.xxx approved

March 20th, 2011 at 9:48 am by David Farrar

’s 40th public meeting has just concluded, and at long last .xxx has been approved. I’ll come back to that.

Bill Clinton (whose Administration effectively established ICANN) addressed the meeting and made the point that when he was first elected President in 1992 there were around 50 websites world-wide, and when he left office in 2000, there were 36 million websites.

I was talking to the LNI Young Nationals yesterday and talking about having to fax things in the days before the Internet, and apart from making me feel very old, I reflected that people who grew up in the Internet era have no idea how different the world was before we all got e-mail etc.

Anyway back to .xxx, this top level domain was proposed around five or six years ago, and was accepted by ICANN for contract negotiations. Once an application has been accepted, the contract negotiations are normally routine. However several Governments were very oppossed to .xxx and at the Wellington ICANN meeting in 2007 managed to derail the process and a majority on the ICANN Board turned down the final contract for .xxx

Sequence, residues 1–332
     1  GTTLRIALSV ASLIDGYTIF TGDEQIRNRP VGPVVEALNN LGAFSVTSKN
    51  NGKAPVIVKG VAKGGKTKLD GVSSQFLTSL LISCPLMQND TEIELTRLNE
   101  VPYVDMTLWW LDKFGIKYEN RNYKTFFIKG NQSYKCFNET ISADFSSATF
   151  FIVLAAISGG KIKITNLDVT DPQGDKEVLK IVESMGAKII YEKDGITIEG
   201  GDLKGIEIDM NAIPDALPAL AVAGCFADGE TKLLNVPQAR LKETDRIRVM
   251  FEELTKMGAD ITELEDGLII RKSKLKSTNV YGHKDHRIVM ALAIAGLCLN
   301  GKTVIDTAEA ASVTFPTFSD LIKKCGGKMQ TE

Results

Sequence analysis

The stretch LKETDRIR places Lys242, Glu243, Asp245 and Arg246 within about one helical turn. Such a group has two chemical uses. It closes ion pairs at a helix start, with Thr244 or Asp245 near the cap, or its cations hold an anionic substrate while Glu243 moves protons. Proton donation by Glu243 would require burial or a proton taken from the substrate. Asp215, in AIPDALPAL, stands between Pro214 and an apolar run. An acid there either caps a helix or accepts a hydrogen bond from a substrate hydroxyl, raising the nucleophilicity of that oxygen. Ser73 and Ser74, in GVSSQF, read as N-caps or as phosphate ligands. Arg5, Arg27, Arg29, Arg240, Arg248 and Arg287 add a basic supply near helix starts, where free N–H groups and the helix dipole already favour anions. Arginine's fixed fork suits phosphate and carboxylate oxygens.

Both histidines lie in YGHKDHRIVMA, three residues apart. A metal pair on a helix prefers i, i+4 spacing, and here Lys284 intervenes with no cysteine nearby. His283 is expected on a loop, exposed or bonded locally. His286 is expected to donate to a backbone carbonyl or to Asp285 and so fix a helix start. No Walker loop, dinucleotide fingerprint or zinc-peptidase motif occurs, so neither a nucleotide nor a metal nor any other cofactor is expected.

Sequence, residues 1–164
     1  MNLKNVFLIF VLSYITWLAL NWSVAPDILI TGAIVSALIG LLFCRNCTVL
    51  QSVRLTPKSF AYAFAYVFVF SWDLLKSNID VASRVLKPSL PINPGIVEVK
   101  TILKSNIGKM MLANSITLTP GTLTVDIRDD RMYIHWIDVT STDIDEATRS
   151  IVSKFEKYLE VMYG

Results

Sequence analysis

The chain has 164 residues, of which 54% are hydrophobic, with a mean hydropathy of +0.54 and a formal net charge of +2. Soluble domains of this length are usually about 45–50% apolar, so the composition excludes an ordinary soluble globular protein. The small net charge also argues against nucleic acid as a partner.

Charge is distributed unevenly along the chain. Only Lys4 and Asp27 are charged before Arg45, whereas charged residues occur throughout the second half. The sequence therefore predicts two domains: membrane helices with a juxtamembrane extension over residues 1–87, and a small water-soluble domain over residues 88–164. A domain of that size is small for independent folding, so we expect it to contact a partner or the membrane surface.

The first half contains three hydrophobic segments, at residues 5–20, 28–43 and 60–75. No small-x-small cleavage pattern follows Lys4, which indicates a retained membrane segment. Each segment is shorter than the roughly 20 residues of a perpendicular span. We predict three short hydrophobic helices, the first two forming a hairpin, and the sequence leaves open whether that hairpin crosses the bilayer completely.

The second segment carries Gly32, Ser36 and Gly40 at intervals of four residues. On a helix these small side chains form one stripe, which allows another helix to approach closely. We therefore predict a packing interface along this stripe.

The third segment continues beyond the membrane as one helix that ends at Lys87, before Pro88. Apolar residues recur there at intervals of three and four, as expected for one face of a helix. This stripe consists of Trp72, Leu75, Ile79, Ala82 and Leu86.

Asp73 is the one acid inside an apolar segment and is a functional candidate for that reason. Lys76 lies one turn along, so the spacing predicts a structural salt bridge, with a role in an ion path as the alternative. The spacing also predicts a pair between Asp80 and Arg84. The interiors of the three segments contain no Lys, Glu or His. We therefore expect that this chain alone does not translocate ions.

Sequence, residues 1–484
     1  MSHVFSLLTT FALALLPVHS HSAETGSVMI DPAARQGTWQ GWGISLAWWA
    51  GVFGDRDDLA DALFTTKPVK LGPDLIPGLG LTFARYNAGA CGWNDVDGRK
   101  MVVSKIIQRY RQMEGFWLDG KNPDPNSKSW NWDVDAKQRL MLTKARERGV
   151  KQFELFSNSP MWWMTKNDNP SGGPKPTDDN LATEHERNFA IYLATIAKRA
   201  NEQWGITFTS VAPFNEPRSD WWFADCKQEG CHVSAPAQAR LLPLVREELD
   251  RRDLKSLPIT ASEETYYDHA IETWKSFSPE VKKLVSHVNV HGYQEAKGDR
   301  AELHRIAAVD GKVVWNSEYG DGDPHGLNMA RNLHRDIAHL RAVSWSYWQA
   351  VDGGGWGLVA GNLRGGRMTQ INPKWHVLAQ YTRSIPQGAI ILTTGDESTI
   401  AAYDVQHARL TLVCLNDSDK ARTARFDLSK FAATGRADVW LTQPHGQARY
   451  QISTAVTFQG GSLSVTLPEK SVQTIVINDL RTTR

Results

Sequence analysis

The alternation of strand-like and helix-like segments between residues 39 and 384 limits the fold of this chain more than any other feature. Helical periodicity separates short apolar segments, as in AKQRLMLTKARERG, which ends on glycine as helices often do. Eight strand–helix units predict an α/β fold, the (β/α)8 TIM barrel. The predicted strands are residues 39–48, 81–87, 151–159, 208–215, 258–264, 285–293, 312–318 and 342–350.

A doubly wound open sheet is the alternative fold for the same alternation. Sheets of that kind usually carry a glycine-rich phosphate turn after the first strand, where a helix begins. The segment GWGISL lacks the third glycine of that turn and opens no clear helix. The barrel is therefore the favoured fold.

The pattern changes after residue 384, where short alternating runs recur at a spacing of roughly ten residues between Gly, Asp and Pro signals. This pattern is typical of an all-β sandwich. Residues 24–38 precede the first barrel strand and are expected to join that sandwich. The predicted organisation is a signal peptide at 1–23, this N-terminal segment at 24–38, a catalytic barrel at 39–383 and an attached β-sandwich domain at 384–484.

The .xxx applicant sought an indpendent review of the Board’s decision, and won their case with the International Centre for Dispute Resolution who found ICANN had not treated them fairly. This is not binding on the ICANN Board, but by a majority vote the ICANN Board (now chaired by NZer Peter Dengate-Thrush) approved in principle reconsideration of the .xxx application.

A number of Governments remain oppossed to the .xxx domain, generally with the backing of conservative religious groups. Generally their position is that it legitimises adult content on the Internet. Personally I think it is a stupid argument as a domain name is just an identifier. An adult website which is called sjporn.xxx is the same content as if it is called sjporn.com. And you know the Internet already has a fair amount of porn without .xxx.

Ironically the allies of the conservative religious groups in oppossing this domain, has been some elements of the porn industry. They are worried that if .xxx is created, then the US Congress might pass a law saying all adult websites must register in .xxx.

This is a possibility, but not a large one to my mind. Congress did once interfere in domain name matters and passed a law creating the kids.us domain. It was designed to be a safe place for kids and can only have kids friendly content, and can only link to other sites in kids.us.  Last time I checked there were around seven names registered in it.

One other reason some of the porn industry is against .xxx, is because to register in .xxx, you will need to be a “safe” porn site. You will lose your domain name if you have illegal content such as child porn or bestiality on your site. Also if you have malware on your site or if you do not have secure credit card processing. Also a portion of each domain name will go to cybersafety funding.